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Thursday, 17 March 2016

There's an Admiral in the port.


Plymouth-based beam trawler, Admiral Gordon is owned by Interfish, white fish processors and merchants from Plymouth.  For many years the Gordon was skippered by the popular Newlyn fisherman, Archie Donaldson before his untimely death in 2012.

In 2008 the boat, skippered by Archie, undertook a series of Seafish gear trials under the auspices of Gus Caslake investigating the potential use of outrigger trawls (a style of fishing popular in Australia) fishing for flats, langoustine and cuttlefish. 


A similar trial was carried out by the Brixham beam trawler, Linquenda back in 1983 fishing with two IC Prawn trawls on the Smalls SW of Milford. 
The full story of the Admiral Gordon trials can be read here





The Admiral Gordon is one of three identical boats, the other boats in the Interfish fleet are the Admiral Grenville and the Admiral Blake

Admiral Gordon was once described as the 'Last of Nelson's captains' and thought to be the principal model for the heroic character of CS Forester's Horatio Hornblower.  In 18811 he lost a leg after a cannonball shattered a knee in the Battle of Lissa and spent the rest of his life with a wooden leg. 


Interestingly, the prefix admiral is a misnomer for Blake who was actually ranked as a 'General at Sea' - himself being credited with being the founding father  of the British Navy and the first to introduce rules of engagement of the kind used by Nelson to defeat the French and Spanish on many occasions.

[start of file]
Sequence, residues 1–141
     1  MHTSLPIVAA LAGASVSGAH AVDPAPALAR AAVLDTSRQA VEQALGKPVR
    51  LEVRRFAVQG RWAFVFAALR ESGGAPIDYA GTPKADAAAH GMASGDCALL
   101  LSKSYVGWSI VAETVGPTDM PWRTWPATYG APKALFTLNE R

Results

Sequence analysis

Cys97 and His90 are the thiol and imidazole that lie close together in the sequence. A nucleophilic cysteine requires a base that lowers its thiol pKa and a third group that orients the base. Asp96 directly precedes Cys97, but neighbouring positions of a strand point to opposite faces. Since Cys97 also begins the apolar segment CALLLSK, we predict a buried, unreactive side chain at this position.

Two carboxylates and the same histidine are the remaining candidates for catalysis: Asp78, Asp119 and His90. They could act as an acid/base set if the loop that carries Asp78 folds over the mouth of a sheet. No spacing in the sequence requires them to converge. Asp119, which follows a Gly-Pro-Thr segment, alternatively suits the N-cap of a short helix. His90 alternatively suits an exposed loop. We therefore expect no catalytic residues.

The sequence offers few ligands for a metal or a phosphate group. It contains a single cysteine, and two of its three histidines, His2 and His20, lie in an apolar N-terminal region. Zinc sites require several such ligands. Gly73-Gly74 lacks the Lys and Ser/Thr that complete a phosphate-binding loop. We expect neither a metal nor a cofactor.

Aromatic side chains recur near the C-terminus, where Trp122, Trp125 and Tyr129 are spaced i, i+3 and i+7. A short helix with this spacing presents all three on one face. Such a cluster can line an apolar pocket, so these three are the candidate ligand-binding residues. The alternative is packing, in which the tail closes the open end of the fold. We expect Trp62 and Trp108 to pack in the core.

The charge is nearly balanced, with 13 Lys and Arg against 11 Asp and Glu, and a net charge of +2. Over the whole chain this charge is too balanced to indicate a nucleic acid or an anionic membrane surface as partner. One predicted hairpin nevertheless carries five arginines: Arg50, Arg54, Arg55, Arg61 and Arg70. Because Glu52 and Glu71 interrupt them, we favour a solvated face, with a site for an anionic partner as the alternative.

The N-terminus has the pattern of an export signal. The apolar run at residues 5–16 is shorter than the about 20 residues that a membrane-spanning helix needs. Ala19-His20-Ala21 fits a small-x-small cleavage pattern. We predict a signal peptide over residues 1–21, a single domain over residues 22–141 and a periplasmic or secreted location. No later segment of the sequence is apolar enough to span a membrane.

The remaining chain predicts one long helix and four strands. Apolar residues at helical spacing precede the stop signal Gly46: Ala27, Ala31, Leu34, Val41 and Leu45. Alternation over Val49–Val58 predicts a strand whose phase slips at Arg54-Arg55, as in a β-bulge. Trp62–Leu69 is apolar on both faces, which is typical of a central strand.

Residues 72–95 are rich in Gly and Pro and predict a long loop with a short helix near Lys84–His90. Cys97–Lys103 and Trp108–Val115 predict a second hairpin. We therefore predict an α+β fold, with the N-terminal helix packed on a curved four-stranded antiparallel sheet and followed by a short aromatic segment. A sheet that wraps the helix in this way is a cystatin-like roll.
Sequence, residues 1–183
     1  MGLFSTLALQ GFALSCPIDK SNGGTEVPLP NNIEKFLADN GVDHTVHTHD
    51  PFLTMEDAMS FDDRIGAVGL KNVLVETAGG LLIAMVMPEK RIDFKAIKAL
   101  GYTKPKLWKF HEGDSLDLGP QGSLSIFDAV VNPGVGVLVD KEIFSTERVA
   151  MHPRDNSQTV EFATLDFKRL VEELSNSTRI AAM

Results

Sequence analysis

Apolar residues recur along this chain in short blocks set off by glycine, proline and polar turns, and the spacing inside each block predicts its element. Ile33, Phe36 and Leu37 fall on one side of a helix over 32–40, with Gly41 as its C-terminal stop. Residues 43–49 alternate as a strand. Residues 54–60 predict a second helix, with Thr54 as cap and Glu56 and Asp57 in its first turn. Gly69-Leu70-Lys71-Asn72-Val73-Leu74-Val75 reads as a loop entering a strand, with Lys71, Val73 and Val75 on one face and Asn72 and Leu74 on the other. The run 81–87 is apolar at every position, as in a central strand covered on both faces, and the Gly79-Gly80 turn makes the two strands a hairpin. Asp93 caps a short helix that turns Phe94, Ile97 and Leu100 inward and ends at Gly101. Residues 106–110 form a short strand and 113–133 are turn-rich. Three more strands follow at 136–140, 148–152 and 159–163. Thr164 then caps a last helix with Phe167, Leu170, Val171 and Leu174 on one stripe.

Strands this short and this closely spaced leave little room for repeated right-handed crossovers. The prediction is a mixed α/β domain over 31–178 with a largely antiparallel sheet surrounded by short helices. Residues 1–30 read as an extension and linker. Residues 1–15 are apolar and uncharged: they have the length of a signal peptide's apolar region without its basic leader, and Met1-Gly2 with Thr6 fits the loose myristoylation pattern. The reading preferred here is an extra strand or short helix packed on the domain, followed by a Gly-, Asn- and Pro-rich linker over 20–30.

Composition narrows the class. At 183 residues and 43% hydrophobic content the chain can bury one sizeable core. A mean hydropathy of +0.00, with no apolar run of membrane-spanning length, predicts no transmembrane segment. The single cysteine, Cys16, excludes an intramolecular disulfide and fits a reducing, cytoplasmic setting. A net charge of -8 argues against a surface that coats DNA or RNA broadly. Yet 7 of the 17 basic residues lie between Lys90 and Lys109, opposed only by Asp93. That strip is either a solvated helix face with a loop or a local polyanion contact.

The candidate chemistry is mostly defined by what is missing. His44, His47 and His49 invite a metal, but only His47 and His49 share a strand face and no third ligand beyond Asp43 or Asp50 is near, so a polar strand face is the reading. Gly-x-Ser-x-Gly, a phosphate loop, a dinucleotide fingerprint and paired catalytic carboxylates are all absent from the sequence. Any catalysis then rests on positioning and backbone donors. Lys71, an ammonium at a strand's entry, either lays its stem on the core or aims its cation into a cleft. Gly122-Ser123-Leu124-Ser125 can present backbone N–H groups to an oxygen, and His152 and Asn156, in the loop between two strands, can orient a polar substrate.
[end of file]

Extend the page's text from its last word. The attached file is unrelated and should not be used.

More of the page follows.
Unlike Blake, who was first and foremost a soldier, Admiral Grenville had Navy blood coursing through his veins, his father being the unlucky Robert Grenville, captain of the Mary Rose at the time of her sinking. Grenville was keen to pursue fame and fortune and with an air British superiority and the kind of thinking that would eventually lead to the creation of the British Empire he submitted this patent in 1574:

"Supplication for a new navigation, permission to seek rich and unknown lands, to discover and annex all or any lands, islands, and countries beyond the Equinoxial, or where the Pole Antarctic hath any elevation above the horizon, such lands not being already possessed by any other Christian Prince. The planting of people and habitations in strange and unknown lands. Need not offend foreign powers or provoke war, provided no attempts were made to take from other civilised nations anything they already possess. Such expeditions should be composed of voluntary adventurers; but under patronage and benediction of the Crown; the leaders having authority from the Queen to require that obedience, quiet, unity, and order be maintained. Gilbert an m'self having pointed out to her Majesty that such undertakings would provide work and livelihood for many of her subjects; and also bring honour and strength to Your Majesty with immortal fame, … besides great enrichment of Your Highness and your country, with increase and maintenance of the Navy."
Grenville was one of many Devon and Cornish sailors who plundered the high seas with their privateers (Killigrew House near Truro was one such estate built on the rewards of 'legitimate' piracy) but would go down in history as the captain of the Revenge who singlehandedly and suicidally took on 53 Spanish ships off Flores in the Azores. The battle saw him decimate the Spanish fleet in a battle over three days that cost him his life through injury - ironically, most of the fleet including the Revenge were lost in a huge storm a few days later. Tennyson's poem, 'The Revenge: A Battle of the Fleet' tells the story in graphic detail.

Closer to home, the inshore boat, Lady Hamilton boasts a connection with Britain's greatest naval commander - a story for another day.